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An important consideration when renting, buying a home, or reviewing your homeowners' insurance policy is whether your insurance covers natural disasters. These can include disaster strikes such as:
Standard homeowners' insurance policies may cover a wide variety of situations, but other potential disasters must be added to your policy. Insurance is necessary for anything likely to be very expensive to fix out-of-pocket. This may cover items lost to theft or fire damage, but not all natural disasters are covered.
This article offers a primer on how natural disasters are covered by homeowners' insurance. See FindLaw's Insuring Your Home, including What Does a Home Insurance Policy Cover? for related information.
Generally, natural disasters are not covered by a basic home insurance policy if you live in a high-risk area, such as a flood plain or along an active fault. Typically, homeowners may purchase supplemental policies that cover a specific type of natural disaster. But if you live in a high-risk area, you may have to pay more for your general policy to cover the increased risk.
Not all sources of flooding are treated in the same way, since flooding can come from:
For the most part, all homeowner policies specifically exclude flood-related damage. The exception is cases related to flooding from damaged plumbing infrastructure, like leaking pipes.
If you live in an area where floods are frequent, you may purchase a special flood protection policy. The National Flood Insurance Program (NFIP) was created by Congress in 1968. It allows homeowners in flood-prone areas to buy flood insurance. It is through private insurance companies but is backed by the U.S. government.
The cost of flood insurance through NFIP is determined by what measures your community has taken to mitigate the risk of flood damage. See the Federal Emergency Management Administration (FEMA) document National Flood Insurance Program Summary of Coverage [PDF] to learn more.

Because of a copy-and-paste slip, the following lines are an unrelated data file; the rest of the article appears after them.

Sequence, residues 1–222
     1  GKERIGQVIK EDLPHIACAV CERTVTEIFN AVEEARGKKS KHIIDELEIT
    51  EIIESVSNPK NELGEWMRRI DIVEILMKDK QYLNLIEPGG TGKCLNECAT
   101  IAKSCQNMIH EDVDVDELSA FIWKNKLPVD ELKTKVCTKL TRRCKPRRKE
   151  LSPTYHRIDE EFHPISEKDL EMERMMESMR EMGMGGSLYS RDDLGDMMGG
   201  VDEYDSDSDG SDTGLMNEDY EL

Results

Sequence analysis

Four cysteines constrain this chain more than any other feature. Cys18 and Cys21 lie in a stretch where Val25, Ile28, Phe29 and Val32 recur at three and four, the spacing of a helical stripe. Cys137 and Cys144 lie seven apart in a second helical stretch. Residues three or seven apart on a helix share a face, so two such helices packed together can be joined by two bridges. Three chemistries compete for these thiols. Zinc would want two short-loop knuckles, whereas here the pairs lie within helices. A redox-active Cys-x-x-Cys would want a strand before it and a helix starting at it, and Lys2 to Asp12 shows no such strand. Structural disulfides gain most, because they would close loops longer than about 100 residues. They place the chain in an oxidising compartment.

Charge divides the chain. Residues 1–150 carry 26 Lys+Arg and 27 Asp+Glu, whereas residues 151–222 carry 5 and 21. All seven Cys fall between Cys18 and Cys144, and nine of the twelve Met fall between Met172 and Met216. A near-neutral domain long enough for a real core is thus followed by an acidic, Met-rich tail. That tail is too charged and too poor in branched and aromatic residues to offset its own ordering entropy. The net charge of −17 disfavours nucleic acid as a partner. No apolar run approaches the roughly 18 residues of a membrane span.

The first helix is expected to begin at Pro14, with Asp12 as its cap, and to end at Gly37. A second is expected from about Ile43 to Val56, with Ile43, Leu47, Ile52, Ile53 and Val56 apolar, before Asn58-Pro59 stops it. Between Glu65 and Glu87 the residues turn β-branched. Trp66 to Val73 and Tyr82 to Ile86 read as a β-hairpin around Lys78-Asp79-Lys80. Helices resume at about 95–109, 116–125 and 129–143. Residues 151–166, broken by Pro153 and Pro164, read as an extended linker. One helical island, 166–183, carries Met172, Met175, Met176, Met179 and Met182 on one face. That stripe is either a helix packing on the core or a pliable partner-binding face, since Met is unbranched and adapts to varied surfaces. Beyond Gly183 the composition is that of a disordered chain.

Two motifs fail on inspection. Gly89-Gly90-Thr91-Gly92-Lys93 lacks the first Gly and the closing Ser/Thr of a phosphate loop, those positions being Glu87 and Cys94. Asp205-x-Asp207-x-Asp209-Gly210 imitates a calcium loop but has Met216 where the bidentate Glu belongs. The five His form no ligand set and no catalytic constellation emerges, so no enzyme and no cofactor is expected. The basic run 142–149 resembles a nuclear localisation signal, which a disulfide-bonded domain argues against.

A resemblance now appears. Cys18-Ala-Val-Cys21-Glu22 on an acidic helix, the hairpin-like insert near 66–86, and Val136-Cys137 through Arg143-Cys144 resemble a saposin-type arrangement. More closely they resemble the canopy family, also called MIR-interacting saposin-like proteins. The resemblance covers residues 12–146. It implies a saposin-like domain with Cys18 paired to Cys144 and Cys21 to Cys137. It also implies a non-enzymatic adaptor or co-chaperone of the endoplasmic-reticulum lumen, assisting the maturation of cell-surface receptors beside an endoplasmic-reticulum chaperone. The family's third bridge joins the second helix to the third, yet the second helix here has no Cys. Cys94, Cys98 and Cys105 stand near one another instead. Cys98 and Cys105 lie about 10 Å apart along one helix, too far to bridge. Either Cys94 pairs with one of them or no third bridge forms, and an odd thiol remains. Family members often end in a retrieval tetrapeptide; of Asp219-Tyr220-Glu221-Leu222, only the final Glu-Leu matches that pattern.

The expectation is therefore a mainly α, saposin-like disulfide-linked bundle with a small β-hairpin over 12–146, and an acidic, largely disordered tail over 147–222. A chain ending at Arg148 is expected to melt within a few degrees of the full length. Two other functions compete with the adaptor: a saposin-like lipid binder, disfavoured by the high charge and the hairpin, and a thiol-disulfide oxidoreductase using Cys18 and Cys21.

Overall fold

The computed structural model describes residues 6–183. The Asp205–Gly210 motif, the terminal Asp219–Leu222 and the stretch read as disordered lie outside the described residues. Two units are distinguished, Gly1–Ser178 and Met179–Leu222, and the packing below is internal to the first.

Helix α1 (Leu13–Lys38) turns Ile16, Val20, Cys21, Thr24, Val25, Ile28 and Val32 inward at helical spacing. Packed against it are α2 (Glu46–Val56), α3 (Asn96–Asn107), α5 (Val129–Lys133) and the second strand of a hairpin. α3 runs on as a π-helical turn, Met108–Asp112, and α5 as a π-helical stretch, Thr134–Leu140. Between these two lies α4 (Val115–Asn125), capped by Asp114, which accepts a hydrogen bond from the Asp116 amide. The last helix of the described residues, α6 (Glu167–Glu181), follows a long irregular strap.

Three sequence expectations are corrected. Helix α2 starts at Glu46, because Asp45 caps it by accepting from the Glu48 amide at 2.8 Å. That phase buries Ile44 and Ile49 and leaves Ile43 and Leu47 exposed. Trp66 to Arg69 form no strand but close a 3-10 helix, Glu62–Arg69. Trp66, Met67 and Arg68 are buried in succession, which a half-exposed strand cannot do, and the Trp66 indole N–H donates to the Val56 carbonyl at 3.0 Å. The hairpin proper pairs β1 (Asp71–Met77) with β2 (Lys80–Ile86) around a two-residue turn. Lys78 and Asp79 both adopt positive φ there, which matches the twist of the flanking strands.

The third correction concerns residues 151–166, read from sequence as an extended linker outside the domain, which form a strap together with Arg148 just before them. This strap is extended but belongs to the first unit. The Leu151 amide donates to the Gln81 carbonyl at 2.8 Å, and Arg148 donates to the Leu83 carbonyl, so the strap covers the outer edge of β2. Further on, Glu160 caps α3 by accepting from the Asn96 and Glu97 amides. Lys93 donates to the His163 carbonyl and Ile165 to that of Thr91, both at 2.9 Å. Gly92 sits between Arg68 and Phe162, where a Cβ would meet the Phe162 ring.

Homeowners' insurance covers natural disasters related to wind damage. However, they do not include the flooding that often follows storm surges from hurricanes.
Damage from tornadoes is typically covered, such as:
Most Atlantic or Gulf Coast states are susceptible to hurricanes (including Florida and Louisiana). You may need to purchase flood insurance and/or special "beach and windstorm" insurance to protect your home.
Insurance companies are in the business of making money, and hurricanes can cost a region tens of billions of dollars in property damage. Make sure you understand the fine print if your home is in a high-risk area. For example, many hurricane-related insurance claims involve disputes over how the terms "wind damage" and "flood damage" are defined by insurers.
The cost of earthquake insurance is determined by several different factors:
Some homeowners live in areas not known for seismic (earthquake) activity. They often still have the option of purchasing supplemental earthquake insurance at a relatively low premium.
For example, earthquake insurance is very inexpensive for Missouri homeowners, even though the state sits on the little-known but potentially devastating New Madrid Fault.
Even if you live in Kansas, your homeowners' insurance policy probably covers damage from an unlikely volcanic eruption. Specifically, standard policies cover damage related to:
Damage that is not covered includes anything from:
Homeowners living near active volcanoes, including parts of Washington, may purchase additional coverage for volcanic disasters.
Written by FindLaw Staff